Over the past few nights, we’ve spent some time with a few of Avery Brewing Company’s unique beer offerings. While watching the Broncos vs. Steelers playoff game this past weekend, we cracked open a bottle of their Hog Heaven Barley Wine which I received for my birthday. As the boys in blue and orange pulled off a miraculous upset, we imbibed on this intense libation. Barley wines are something that I have only recently begun to experiment with, and to my recollection this skewed to one of the more potent that I’ve sampled. The beer pours a ruby copper color with a slight head and a hoppy, boozy and grapefruit aroma. For lack of better terms the flavor of this beer is big. Hog is intense on all fronts, at least to my palate. From all fronts I was bombarded with hints of malt, citrus, hop and booze. The best way to describe this shock is to take the freshest harvest pale ale of fall and amplify it exponentially. I have another bottle that I plan to cellar for some time to see how this beer changes with the passing of time.
Continuing the affair of the past few evenings with brews born just north and west of where I write these words, last night we attended our second night of Euclid Hall’s beer month (pdf) to partake in one of the month’s brew bites where they match a particular style of beer to selections of their delectable cuisine. Tuesday, the 10th, was sour night which entailed three sour beers paired with three bites. Lilikoi Mahu with roasted beet ambrosia. Immitis, another Avery barrel aged brew, with butter poached mussels. Finally, Duchesse de Bourgogne with a sourdough waffle tart.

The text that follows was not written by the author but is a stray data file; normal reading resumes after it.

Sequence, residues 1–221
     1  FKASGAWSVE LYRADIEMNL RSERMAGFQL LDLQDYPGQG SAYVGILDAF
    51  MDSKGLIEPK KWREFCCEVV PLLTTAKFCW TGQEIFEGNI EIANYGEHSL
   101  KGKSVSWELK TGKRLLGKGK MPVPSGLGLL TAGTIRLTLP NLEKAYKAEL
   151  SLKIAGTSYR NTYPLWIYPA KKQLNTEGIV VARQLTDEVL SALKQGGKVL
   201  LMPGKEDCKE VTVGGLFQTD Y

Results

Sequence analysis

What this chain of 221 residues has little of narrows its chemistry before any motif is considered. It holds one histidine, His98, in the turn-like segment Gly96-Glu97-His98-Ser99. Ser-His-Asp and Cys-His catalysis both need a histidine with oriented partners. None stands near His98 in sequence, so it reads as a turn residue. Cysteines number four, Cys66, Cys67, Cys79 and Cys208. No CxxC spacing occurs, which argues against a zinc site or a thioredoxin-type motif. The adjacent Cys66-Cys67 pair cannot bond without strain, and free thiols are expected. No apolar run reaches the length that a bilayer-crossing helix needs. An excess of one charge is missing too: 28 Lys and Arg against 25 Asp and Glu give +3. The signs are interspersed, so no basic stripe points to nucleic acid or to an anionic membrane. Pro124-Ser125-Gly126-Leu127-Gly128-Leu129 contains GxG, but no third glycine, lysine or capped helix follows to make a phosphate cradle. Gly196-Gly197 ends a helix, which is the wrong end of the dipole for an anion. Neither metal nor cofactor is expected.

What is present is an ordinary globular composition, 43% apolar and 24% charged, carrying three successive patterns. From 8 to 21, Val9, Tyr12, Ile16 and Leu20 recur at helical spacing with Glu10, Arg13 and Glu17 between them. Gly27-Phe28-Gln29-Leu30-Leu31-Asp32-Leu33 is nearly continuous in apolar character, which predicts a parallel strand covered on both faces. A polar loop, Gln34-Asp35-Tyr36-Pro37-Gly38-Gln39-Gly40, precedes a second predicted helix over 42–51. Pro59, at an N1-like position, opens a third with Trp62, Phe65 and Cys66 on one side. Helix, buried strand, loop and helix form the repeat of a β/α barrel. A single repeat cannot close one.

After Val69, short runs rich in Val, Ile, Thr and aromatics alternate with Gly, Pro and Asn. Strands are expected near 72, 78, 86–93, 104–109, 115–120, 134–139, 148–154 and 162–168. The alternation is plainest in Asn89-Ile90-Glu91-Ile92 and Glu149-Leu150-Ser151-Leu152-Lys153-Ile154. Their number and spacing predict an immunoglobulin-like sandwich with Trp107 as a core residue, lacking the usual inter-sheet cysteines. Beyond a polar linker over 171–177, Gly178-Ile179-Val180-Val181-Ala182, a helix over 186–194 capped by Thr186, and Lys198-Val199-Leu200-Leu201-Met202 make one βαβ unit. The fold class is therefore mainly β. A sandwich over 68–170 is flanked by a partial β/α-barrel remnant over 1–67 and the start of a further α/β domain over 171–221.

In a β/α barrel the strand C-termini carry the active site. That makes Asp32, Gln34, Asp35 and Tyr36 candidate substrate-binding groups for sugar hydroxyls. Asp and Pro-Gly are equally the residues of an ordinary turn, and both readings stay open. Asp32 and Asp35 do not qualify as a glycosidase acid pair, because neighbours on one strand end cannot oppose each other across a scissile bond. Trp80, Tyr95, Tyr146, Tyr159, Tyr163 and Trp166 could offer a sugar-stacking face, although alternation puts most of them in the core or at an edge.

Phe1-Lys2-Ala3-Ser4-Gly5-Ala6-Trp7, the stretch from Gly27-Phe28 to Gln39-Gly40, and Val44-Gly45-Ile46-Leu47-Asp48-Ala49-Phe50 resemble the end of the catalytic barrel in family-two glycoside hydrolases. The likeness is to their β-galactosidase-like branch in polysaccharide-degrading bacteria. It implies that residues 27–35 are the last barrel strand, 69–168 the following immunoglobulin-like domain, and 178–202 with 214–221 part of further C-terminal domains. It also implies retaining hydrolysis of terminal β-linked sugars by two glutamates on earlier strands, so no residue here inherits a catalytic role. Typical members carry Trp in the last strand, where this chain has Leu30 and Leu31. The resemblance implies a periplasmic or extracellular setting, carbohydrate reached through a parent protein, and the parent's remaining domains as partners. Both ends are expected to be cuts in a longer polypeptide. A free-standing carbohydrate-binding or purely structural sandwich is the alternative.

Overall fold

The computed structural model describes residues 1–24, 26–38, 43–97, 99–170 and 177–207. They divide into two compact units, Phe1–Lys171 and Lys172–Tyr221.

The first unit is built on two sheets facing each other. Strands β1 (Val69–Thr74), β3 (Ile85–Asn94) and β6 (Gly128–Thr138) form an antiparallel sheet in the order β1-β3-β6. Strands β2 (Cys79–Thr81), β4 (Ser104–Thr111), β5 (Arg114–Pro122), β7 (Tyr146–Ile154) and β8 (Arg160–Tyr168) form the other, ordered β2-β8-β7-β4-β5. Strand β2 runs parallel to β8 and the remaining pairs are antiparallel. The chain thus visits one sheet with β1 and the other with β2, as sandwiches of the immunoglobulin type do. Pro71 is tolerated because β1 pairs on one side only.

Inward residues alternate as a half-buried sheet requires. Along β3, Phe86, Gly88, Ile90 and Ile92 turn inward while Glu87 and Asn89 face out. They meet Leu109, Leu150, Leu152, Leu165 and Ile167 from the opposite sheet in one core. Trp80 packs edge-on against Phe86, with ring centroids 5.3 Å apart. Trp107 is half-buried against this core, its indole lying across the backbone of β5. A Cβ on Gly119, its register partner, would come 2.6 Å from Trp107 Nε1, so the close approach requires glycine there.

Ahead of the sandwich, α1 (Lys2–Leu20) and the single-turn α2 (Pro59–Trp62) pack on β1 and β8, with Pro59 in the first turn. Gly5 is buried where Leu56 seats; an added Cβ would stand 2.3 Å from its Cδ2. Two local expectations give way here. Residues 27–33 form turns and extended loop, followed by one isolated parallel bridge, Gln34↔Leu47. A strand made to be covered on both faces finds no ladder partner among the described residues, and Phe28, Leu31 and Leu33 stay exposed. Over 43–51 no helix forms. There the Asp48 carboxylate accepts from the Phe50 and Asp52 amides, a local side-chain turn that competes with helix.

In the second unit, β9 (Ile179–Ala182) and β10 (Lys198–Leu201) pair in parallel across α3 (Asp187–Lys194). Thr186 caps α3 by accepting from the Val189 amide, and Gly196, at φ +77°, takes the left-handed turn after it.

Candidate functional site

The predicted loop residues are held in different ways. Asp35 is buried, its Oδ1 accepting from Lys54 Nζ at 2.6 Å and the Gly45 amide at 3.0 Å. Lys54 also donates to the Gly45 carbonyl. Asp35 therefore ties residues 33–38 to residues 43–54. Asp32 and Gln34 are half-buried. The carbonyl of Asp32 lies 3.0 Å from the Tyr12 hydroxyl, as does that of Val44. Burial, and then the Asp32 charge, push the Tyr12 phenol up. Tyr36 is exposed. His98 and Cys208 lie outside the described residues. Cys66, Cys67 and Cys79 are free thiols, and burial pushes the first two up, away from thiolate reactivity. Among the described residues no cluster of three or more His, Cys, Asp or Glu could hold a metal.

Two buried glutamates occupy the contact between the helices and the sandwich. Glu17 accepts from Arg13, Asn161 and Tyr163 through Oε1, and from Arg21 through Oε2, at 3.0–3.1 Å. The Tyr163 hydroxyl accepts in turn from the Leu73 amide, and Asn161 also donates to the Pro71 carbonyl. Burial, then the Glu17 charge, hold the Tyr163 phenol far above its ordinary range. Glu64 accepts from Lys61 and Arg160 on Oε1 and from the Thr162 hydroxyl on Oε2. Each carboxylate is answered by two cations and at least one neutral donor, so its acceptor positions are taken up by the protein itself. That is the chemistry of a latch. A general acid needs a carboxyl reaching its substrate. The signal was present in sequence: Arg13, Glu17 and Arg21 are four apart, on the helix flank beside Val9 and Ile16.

My notes from last night are limited to Lilikoi Mahu, so I’ll reserve my thoughts for the remainder of this posting to it. Lilikoi, with hints of tartness and sourness, is a very fruity and sessionable beer. It pours a hazy straw yellow color and has an aroma of passion fruit, yeast and a bit of funk. The taste falls in line with it’s aroma. While I prefer a beer that is a bit more assertive, Lilikoi does take you on a journey from passion fruit, to hints of a German wit beer and finally to touches of yeast and sourness. The passion fruit found in it’s aroma and taste brought me back to the days of my childhood and juice boxes during lunch and recess. I’m very thankful to have been able to imbibe on such a rare offering.
What I feel like expressing more so than my ramblings about brews is my experience with Avery Brewing Company and Euclid Hall. In a world of homogenized bullshit corporate crap it is really uplifting to encounter and speak with, albeit briefly, with a few people who truly take pride in the work that they do and what they create. Many thanks to Adam for taking the time to personally respond to my inquiry about the aging of Hog Heaven and to Cicerone Ryan Conklin for taking the time to shoot the shit about Euclid Hall’s beer month and his thoughts on the subject.